Sleek and beautiful, the Weimaraner breed turns heads everywhere they go. From street corners to canine competitions of all types, this breed has won hearts, medals, and accolades based on its looks, physical abilities, and temperament.
The most common coat and color of the Weimaraner is so iconic that it even earned the breed the nickname of the Grey Ghost. With a nickname like that, you would be forgiven for thinking that Weimaraners only come in shades of grey, but that’s actually not true. In fact, there’s quite a bit of variation in Weimaraner colors and coats. Let’s explore some of the diverse examples of this show winning dog.
According to the AKC the 3 standard Weimaraner colors are:
Though this breed is called the “Grey Ghost,” grey is not the only color they come in.
However, in the United States, only variations of the grey coloration are accepted for show. That said, all the variations are recognized by the AKC, so they’re eligible for all other forms of competition and can be registered.
But rules are different in other countries. Some of the colorations that are recognized in the United States aren’t even recognized by the canine governing bodies in other countries.
Another thing to be aware of is that all Weimaraners carry the dilute gene that gives them their distinctive washed-out appearance. This is why you won’t see a solid black or chocolate Weimaraner.
1. Grey Weimaraner
Grey is the most common Weimaraner color. It’s considered to be the breed standard. But here’s something interesting: it’s not really grey at all! In fact, the grey color of Weimaraners is actually a diluted chocolate! That’s why it appears to be almost white-washed, which is what gave them the nickname of the Grey Ghost.
If you look closely, you can see that the Grey Weimaraner color has an almost brown appearance that makes it seem more like a taupe than a true grey color. It’s still called Grey, though, and sometimes even Silver. But it’s certainly not brown. If your Weimaraner is actually brown, then it’s likely mixed with some other breed, like the Doberman Pinscher.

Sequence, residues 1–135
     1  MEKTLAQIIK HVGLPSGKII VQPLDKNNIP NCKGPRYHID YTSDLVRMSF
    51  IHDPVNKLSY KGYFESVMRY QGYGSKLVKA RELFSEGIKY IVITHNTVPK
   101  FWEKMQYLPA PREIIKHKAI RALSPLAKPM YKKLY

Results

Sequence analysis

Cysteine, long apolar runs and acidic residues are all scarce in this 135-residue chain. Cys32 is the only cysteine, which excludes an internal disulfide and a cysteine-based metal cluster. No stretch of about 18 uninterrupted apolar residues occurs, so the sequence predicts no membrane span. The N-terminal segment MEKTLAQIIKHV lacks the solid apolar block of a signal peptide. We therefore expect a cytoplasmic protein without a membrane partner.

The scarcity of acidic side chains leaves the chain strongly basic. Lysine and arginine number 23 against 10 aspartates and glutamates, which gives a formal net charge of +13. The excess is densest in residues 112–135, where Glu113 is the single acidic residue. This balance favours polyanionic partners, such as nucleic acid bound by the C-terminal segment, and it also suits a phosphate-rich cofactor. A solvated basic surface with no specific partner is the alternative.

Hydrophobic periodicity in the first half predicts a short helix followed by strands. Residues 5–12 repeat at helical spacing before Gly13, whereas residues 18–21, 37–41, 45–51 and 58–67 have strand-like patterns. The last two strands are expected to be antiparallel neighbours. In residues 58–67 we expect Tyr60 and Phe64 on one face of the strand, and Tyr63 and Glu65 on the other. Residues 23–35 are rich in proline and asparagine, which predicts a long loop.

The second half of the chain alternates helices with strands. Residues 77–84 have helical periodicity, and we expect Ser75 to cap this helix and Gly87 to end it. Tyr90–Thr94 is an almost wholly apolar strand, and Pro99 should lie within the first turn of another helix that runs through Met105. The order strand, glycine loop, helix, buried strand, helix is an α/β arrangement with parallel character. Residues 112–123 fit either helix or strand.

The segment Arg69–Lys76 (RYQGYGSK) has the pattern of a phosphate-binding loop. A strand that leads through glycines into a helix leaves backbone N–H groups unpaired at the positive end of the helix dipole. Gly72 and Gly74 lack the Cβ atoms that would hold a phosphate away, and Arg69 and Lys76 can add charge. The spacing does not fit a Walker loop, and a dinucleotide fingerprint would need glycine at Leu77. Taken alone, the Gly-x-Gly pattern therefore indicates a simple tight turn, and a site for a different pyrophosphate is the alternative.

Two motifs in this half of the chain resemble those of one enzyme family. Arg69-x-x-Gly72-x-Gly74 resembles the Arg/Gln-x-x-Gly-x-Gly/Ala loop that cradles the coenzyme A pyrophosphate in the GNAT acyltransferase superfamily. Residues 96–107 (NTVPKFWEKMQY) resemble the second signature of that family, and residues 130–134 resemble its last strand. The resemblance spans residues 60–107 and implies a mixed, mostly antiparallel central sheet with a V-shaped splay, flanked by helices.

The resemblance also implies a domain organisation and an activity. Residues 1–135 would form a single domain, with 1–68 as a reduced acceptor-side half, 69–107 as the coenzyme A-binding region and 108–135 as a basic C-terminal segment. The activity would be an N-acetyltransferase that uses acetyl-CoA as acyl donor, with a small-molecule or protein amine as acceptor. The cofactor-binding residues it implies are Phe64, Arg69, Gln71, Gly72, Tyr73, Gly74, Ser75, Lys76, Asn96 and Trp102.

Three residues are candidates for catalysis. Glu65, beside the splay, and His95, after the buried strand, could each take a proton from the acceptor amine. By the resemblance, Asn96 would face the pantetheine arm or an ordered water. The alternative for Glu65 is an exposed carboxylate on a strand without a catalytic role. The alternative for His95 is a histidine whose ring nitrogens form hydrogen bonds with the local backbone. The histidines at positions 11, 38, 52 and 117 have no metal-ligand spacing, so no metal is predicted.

Shades of Grey
Even amongst the grey Weimaraners, there is some notable variation. Though they’re all considered to be grey, there are actually three different shades of grey that you might find on a Weimaraner.
The lightest Weimaraners are considered to be Light Grey or Deer-Grey (as the Germans call it). They look very pale compared to other Weimaraner colors, but the appearance is really sort of a washed-out tan.
The medium grey shade is often referred to as Silver Weimaraners. It’s really a Silver Grey color that appears closer to taupe, especially if not in direct sunlight.
The darkest grey Weimaraners almost appear to be washed out tan in color. This dark grey is called Mouse Grey, and it’s the darkest of the grey shades. If your Weimaraner is darker than this, it’s likely actually a Blue Weimaraner.
2. Blue Weimaraner
Though this color variation is considered to be Blue, that’s not actually the truth. Similar to how the Grey Weimaraners are actually a diluted chocolate, the Blue Weimaraners are actually a diluted black. This results in a blue appearance, though there is no actual blue in them.